Getting Ext3/4 journal size

Ext3 is an successor of Ext2 with support for journaling which means it can have a log of all it’s recent changes it made or is going to make to the file system. This allows fsck to get the file system back in a good state when a power failure happens for example. But what is the size of the journal? Reading the manpage for tune2fs it says it needs to be between 1024 and 102400 blocks which means it can start with 1MB on a file system with a 1KB block size and 4M on a file system with 4KB a block size.

So let start to see which inode contains the journal and normally this should be inode 8 unless you have a file system that was upgraded from Ext2 to Ext3/4.

$ sudo LANG=C tune2fs -l /dev/sda1 | awk '/Journal inode/ {print $3}'

Now that we have the inode responsible for the in file system journal we can retrieve it details by doing a stat() with debugfs for that inode. Debugfs retrieve the details from the inode and on of them is de allocated size on disk.

$ sudo LANG=C debugfs -R "stat <8>" /dev/sda1 | awk '/Size: /{print $6}'|head -1
debugfs 1.42.4 (12-Jun-2012)

Now let use the same procedure on an other file system:

$ sudo LANG=C tune2fs -l /dev/mapper/data00-srv | awk '/Journal inode/ {print $3}'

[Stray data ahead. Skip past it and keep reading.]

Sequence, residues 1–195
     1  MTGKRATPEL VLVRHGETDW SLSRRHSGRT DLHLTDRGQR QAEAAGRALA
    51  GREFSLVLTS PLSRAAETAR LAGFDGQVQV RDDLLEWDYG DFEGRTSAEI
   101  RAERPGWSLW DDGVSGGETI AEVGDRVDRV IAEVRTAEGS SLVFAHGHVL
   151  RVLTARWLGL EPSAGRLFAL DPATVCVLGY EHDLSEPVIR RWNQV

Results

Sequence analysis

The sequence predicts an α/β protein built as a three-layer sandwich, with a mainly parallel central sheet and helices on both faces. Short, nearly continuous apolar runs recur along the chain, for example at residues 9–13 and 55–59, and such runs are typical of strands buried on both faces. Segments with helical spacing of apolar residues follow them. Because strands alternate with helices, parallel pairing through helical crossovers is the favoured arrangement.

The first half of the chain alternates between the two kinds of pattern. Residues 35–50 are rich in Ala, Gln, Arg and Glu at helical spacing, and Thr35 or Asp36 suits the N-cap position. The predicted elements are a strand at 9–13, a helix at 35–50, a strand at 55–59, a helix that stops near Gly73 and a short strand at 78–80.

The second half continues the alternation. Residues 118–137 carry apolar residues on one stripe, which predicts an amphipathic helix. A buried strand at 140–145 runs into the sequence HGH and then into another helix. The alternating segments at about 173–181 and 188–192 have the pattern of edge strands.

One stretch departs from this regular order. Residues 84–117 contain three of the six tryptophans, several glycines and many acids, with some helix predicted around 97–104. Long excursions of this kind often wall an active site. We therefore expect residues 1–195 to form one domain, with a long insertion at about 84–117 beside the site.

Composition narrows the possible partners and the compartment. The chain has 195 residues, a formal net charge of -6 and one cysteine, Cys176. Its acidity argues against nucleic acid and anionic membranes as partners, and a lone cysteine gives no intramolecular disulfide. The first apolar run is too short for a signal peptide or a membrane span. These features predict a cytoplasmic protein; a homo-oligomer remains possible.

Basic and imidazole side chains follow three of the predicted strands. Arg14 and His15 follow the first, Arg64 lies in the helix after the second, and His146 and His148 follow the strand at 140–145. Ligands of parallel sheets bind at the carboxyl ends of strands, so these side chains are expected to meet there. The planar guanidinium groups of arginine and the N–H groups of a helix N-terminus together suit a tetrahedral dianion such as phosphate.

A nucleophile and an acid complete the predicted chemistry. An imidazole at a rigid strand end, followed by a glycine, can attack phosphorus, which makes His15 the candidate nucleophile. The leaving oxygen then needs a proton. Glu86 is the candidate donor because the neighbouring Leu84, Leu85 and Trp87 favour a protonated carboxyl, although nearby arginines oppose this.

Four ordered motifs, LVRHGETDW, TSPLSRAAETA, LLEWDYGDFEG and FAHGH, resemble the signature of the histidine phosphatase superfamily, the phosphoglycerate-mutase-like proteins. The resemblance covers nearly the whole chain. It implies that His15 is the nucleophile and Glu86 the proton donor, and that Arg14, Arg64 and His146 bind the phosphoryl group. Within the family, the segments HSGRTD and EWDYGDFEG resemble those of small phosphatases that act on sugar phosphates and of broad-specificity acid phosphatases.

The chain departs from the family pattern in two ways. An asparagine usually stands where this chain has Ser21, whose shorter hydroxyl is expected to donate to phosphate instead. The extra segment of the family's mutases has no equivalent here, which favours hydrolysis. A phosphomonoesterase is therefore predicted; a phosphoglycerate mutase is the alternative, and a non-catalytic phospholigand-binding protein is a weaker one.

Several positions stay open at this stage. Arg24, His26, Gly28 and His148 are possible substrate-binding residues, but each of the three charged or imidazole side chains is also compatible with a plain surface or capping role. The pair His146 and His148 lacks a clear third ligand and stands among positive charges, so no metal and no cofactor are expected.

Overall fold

$ sudo LANG=C debugfs -R "stat <8>" /dev/mapper/data00-srv | awk '/Size: /{print $6}'|head -1
debugfs 1.42.4 (12-Jun-2012)

There is also an easy way as dumpe2fs provides an interface to a lot of these values directly.

$ sudo LANG=C dumpe2fs /dev/mapper/data00-srv | grep ^Journal
dumpe2fs 1.42.4 (12-Jun-2012)
Journal inode:            8
Journal backup:           inode blocks
Journal features:         journal_incompat_revoke
Journal size:             128M
Journal length:           32768
Journal sequence:         0x0111fd4c
Journal start:            3380

Keep in mind that changing something on a live journal can destroy your file system, so never move the journal location or change it’s size unless it’s a clean unmounted file system.

Author: Hans Spaans

Unix & security consultant with a passion for Linux, Solaris, PostgreSQL, Perl and network services, but also a strong believer in open and free source, standards and content.